Thursday, November 26, 2015

Modern technology and sustainability

In response to my previous post, Beka writes:


"I don't think the past was that simple, especially after researching the pre-industrial era. Rural life may seem idyllic to us, but the reality was often harsh and cruel. Children died from disease and ill hygiene. People worked and got by with so little, sometimes going for days without food to eat. 

Self-sufficient they may have been, but their life was pure drudgery, toiling from dawn to dusk without education or recreation. I don't think the farmhands who ploughed and sickled by hand, enduring blisters,and the women who spent hours lighting fires and scrubbing clothes by hand really appreciated the simplicity of their way of life, haha. People died earlier too!"

Far be it from me to deplore modern technology. On the contrary, I am very thankful for all we have at our disposal today, modern medicine not the least of it. There's no way I'd willingly give up my washing machine, which helps us do our laundry with so little effort; my nifty little grinder, which allows me to prepare freshly ground oatmeal with such ease and efficiency; the ability to control our room temperature with one press of a button; the Internet, which allows me to obtain a wealth of information and connect with like-minded people from all over the world; my cell phone, the ability to travel with relative ease, our refrigerator or any of the countless things we take for granted these days. 

Being free of the drudgery of drawing water from a well or scrubbing clothes by hand frees me up to spend more time with my children, relax, and work on meaningful projects. 

When it comes to people who desire simple living and the connection with earth and nature, I believe technology is actually what makes modern one-family homesteads possible. Things like solar panels, milking machines, incubators and modern agricultural techniques, for example, enable people to go off the grid and start their own small-scale farms.

Furthermore, even when building small-scale, off-grind cabins, people normally use electricity-powered tools such as saws, drills, etc.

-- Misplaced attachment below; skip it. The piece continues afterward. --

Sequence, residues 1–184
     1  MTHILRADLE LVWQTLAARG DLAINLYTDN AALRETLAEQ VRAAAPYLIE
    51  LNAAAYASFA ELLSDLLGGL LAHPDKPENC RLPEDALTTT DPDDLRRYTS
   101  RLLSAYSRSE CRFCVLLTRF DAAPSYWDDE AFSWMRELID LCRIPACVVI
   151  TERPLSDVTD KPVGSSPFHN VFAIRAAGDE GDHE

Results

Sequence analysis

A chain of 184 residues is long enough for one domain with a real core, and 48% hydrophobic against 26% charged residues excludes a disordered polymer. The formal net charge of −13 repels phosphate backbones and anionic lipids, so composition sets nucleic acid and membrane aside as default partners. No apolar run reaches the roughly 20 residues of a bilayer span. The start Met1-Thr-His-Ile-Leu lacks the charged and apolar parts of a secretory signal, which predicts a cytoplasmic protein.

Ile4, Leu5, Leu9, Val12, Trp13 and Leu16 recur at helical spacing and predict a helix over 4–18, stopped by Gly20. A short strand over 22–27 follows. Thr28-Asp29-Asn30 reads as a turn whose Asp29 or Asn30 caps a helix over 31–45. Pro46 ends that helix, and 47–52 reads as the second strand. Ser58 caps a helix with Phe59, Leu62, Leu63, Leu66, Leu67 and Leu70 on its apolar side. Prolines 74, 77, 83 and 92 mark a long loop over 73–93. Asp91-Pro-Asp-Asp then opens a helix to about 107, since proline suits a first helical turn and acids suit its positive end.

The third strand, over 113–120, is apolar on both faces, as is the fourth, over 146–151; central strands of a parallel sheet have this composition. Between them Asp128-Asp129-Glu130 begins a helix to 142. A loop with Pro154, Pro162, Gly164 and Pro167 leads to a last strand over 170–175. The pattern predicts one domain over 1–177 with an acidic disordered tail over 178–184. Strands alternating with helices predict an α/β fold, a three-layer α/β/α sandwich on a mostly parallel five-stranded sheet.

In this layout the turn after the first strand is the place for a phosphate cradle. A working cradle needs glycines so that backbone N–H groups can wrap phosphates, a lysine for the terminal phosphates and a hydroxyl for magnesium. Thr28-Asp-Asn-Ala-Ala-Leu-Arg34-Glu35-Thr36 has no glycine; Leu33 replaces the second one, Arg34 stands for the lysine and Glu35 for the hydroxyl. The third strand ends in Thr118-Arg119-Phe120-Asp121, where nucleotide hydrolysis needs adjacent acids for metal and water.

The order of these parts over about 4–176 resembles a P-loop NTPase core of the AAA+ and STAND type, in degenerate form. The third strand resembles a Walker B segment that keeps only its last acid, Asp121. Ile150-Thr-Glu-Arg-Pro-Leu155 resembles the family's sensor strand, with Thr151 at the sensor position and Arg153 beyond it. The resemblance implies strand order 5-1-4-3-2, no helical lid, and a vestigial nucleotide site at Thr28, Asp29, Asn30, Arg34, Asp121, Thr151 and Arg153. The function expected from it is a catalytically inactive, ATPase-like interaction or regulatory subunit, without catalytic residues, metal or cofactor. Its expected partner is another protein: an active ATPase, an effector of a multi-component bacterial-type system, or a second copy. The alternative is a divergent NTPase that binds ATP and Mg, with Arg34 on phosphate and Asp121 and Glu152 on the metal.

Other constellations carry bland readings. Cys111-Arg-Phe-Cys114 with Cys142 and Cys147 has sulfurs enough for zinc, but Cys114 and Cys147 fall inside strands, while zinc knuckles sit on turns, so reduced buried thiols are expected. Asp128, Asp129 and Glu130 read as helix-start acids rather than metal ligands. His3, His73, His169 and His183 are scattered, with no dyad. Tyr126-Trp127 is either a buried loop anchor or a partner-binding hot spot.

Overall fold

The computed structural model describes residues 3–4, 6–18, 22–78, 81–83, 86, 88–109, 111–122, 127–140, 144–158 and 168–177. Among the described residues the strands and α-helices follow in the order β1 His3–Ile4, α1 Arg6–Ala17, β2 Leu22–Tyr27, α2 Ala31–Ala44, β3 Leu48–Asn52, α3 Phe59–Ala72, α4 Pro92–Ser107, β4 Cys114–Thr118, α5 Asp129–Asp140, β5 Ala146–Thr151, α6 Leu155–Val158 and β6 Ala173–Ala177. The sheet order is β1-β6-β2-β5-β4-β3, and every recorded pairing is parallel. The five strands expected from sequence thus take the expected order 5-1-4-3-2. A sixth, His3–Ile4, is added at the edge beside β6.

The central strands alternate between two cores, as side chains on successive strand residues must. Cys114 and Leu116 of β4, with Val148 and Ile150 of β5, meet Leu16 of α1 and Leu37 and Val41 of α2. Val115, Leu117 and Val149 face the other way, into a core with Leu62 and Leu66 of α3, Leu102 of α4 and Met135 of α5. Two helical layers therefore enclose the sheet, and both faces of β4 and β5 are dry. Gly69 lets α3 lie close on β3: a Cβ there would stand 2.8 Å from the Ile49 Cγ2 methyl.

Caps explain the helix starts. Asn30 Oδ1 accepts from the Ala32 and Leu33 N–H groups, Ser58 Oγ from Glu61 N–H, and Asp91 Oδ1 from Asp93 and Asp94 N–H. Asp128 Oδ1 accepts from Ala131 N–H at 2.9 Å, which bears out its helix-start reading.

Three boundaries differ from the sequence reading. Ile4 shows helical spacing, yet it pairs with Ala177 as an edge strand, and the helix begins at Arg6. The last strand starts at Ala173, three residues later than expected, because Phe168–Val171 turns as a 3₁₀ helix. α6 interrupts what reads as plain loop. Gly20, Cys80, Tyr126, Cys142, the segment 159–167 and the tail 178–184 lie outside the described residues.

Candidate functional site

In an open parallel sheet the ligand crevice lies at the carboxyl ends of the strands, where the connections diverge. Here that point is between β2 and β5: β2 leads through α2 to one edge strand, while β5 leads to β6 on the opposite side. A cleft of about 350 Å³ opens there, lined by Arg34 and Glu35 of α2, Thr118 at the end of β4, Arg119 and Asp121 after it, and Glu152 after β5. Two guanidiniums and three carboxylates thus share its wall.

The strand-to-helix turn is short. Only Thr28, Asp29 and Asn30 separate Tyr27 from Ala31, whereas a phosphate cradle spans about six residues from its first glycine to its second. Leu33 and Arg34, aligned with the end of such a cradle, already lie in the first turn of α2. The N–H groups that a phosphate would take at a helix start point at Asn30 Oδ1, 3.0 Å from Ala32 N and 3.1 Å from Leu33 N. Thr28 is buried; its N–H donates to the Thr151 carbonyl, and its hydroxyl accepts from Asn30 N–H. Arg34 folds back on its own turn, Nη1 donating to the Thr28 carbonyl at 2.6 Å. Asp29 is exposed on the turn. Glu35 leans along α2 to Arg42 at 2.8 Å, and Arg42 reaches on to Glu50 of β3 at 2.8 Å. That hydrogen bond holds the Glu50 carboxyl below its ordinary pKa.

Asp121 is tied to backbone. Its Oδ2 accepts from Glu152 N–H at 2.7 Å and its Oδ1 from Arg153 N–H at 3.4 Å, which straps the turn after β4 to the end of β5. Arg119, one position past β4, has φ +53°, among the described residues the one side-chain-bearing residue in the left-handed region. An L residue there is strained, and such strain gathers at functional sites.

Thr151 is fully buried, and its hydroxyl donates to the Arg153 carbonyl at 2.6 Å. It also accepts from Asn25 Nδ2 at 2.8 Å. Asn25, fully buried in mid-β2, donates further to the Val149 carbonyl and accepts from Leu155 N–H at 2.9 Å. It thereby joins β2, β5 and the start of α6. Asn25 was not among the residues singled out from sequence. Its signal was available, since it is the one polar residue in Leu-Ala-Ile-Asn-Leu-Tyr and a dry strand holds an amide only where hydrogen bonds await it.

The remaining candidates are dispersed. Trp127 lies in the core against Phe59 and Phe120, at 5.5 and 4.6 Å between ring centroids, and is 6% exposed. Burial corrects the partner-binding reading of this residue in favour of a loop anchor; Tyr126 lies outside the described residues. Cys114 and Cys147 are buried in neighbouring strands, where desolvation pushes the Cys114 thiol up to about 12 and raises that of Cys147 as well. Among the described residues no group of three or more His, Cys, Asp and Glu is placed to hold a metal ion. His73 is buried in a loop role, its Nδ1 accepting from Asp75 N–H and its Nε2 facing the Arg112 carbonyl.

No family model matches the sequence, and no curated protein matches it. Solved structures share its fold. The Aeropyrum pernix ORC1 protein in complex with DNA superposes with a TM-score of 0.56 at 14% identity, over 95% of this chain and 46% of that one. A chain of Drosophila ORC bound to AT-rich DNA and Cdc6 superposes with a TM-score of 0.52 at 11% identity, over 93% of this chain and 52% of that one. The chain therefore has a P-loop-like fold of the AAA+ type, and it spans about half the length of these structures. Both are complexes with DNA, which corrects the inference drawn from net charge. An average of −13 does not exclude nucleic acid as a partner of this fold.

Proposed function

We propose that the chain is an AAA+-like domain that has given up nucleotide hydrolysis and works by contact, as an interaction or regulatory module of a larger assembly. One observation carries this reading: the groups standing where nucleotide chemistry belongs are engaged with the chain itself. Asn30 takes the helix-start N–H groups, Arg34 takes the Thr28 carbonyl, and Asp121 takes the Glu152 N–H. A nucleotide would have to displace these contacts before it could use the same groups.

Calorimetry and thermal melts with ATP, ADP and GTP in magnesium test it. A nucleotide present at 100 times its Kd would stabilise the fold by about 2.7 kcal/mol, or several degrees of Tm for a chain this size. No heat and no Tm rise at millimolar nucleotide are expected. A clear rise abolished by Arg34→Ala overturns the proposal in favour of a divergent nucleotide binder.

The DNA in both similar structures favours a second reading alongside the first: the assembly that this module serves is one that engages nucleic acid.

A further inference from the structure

In our neighborhood, we have a farm which is run by a very industrious family. They make delicious cheeses, yogurt, and a variety of other products. They use milking machines, a computerized irrigation system and, of course, extensive refrigerators for all their fresh produce. They work hard, that's for sure, but if they didn't have modern technology there's absolutely no way they would have been able to accomplish all that work on their own, without employing a few workers (which I know they cannot afford). If you read historical novels set on farms, it will strike you how many people it took to do all the work manually, in order to accomplish anything on a serious scale. Most of these people were unpaid or very poorly paid and uneducated. These days, nobody would want to live like that, and that's perfectly understandable. 

It's all great while technology is used as an aid at home; but when the coin flips, and technology controls you - when people are addicted to always having the latest gadget, to over-processed foods, to internet shopping, to online social networks; when people begin to spend a larger and larger portion of their life in front of the screen, that's where I believe we do have a problem. It does take a particular balance to eat the apple, so to speak, and spit out the seeds. And this is precisely what I'm aiming for when I talk about simplifying. 

2 comments:

Anonymous said...

Amen to that, Anna! I am trying so hard to teach my children exactly that. It's difficult because their father is one of those screen addicts, but anything is possible with God.

Sherri

  said...

Thanks for sharing your thoughts so candidly. Technology can really serve as a tool either way! I suppose it's because the demand is low, that's why manual grain-grinders and other homestead, back-to-basics tools are expensive and hard to find. Sometimes it would be nice to have the flexibility of a skilled community blacksmith, carpenter, cobbler etc. instead of only being limited factory products, but it would be costly too!